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Re: XSLT 2.0 courses?

Subject: Re: XSLT 2.0 courses?
From: "Wendell Piez wapiez@xxxxxxxxxxxxxxx" <xsl-list-service@xxxxxxxxxxxxxxxxxxxxxx>
Date: Mon, 21 Sep 2020 15:37:28 -0000
Re:  XSLT 2.0 courses?

Yup, just like ($a,$b,$c)[1]. Not thinking of the "return all of $a"

For that I might (today) write

( ($a[1] ! $a), ($b[empty($a)][1] ! $b), ($c[empty(($a,$b))][1] ! $c) )

although not before thorough testing, and since it fails the clarity test
it would have to be commented with a short essay ... so I might also use
if/then/else, or XSLT.

Cheers, Wendell

On Mon, Sep 21, 2020 at 10:17 AM David Carlisle d.p.carlisle@xxxxxxxxx <
xsl-list-service@xxxxxxxxxxxxxxxxxxxxxx> wrote:

> On Mon, 21 Sep 2020 at 15:08, Wendell Piez wapiez@xxxxxxxxxxxxxxx <
> xsl-list-service@xxxxxxxxxxxxxxxxxxxxxx> wrote:
>> Hi,
>> Aside from the name question (I'd maybe like first-available()?) the
>> question arises, what would be the difference between
>> first-defined(($a,$b,$c)) and head(($a,$b,$c)) or ($a,$b,$c) => head() as
>> the case may be?
> It would need to be an overloaded function like concat taking any number
> of arguments so first-defined($a,$b,$c)  if you ,-join the lists first you
> no longer can return $a if non empty,  head(($a,$b,$c)) is the head of the
> sequence ($a,$b,$c) which is the flattened sequence of items from $a $b and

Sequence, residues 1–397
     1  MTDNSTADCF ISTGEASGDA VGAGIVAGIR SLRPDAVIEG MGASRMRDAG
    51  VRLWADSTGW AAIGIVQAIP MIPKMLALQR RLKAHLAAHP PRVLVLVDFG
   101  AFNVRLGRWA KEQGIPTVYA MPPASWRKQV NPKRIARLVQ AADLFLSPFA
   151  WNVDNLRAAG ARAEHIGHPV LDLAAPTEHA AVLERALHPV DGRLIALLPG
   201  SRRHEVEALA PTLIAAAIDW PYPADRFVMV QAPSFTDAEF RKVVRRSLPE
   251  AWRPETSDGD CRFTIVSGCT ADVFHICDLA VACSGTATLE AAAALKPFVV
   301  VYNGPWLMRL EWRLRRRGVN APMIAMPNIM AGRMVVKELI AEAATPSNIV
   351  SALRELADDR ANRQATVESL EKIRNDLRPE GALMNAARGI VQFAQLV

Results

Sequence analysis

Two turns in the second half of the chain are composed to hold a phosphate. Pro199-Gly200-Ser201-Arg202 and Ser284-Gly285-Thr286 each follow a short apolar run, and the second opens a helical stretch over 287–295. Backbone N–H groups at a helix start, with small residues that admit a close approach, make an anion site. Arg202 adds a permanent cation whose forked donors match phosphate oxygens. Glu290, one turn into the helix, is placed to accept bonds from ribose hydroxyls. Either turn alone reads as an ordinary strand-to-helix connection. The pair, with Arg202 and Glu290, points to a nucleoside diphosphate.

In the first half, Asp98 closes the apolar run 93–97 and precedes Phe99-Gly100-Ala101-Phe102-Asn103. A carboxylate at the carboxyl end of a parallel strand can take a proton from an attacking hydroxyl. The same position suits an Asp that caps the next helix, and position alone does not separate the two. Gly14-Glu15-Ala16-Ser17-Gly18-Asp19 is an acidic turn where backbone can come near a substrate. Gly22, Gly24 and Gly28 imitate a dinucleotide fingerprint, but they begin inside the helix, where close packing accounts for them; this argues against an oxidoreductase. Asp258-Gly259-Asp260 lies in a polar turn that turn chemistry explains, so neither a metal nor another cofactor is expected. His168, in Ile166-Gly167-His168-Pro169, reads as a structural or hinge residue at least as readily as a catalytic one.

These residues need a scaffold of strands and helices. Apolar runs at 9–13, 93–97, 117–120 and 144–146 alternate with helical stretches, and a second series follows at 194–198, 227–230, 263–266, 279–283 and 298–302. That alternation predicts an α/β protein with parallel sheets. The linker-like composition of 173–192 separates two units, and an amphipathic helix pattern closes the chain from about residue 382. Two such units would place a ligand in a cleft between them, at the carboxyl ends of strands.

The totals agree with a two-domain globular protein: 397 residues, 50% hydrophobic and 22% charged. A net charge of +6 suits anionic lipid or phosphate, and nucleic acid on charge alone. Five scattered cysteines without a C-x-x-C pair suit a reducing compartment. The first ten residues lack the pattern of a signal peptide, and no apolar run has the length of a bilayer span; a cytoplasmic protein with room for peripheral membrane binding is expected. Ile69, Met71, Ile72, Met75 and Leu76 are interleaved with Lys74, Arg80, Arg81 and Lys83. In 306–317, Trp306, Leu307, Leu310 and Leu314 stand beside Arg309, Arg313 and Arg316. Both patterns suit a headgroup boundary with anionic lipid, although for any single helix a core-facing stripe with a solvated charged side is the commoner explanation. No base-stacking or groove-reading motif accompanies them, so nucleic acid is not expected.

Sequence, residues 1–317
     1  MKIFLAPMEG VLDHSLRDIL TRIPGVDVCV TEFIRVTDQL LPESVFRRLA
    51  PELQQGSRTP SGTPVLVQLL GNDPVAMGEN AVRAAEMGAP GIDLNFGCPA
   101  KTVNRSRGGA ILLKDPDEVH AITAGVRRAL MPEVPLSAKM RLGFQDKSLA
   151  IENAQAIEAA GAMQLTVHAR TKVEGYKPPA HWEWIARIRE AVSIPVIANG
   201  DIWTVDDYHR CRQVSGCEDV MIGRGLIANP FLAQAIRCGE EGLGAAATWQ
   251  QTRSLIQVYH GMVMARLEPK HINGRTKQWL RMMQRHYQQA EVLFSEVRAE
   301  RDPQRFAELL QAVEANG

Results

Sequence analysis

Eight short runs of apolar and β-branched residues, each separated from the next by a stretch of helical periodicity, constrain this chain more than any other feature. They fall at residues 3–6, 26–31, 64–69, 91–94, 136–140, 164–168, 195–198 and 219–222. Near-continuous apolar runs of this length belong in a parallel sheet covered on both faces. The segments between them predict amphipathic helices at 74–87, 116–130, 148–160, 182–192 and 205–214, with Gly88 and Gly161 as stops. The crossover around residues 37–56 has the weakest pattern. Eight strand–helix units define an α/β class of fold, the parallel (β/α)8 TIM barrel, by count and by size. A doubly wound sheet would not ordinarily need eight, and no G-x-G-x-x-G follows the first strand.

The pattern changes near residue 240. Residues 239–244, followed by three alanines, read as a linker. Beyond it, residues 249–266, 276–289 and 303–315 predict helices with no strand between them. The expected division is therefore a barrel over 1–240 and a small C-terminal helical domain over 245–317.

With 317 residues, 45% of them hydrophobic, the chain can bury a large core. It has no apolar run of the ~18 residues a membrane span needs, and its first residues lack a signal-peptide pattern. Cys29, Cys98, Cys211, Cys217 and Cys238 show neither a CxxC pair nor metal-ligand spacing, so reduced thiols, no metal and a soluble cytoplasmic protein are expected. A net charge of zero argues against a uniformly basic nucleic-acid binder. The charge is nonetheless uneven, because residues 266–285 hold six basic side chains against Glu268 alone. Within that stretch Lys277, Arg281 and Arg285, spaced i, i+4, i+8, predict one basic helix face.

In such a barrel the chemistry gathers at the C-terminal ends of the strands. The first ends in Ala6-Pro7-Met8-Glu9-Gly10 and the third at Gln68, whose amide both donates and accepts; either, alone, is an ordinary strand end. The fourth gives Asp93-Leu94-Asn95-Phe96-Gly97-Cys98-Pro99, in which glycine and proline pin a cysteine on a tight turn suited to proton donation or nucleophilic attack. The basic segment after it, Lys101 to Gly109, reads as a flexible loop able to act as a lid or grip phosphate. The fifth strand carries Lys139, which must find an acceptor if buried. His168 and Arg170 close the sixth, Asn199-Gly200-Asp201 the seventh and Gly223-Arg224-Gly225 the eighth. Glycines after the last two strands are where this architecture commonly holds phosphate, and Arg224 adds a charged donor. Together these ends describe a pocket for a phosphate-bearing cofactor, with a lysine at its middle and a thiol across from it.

> $c so would just return the first item in $a not all of $a.
> David
>> Cheers, Wendell
>> On Mon, Sep 21, 2020 at 9:41 AM Graydon graydon@xxxxxxxxx <
>> xsl-list-service@xxxxxxxxxxxxxxxxxxxxxx> wrote:
>>> On Mon, Sep 21, 2020 at 01:25:56PM -0000, Chris Papademetrious
>>> christopher.papademetrious@xxxxxxxxxxxx scripsit:
>>> > Good point. Perhaps this could be handled by chaining them?
>>> >
>>> > $a otherwise $b otherwise $c otherwise $default
>>> I think "otherwise" is fine for the pair case!
>>> It's clearer and easier to read than ($a,$b)[1] and it'll be easier to
>>> search for in documentation.
>>> Chaining otherwise as you propose doesn't strike me as clearer or easier
>>> to read; the location of the implicit parentheses is extremely important
>>> in that example and as soon as the values are the least bit complex all
>>> the parens will likely need to be made explicit.
>>> On the other hand, we've already got a concept of sequence, and commas,
>>> so ($a,$b,$c,$default) => first-defined()
>>> strikes me as clearer and easier to read than chaining "otherwise".
>>> Could even add a two-parameter version so the second parameter defines
>>> how to handle values which are false(). :)
>>> --
>>> Graydon Saunders  | graydonish@xxxxxxxxx
>>> CC&s oferC)ode, C0isses swC! mC&g.
>>> -- Deor  ("That passed, so may this.")
>> --
>> ...Wendell Piez... ...wendell -at- nist -dot- gov...
>> ...wendellpiez.com... ...pellucidliterature.org... ...pausepress.org...
>> ...github.com/wendellpiez... ...gitlab.coko.foundation/wendell...
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...Wendell Piez... ...wendell -at- nist -dot- gov...
...wendellpiez.com... ...pellucidliterature.org... ...pausepress.org...
...github.com/wendellpiez... ...gitlab.coko.foundation/wendell...

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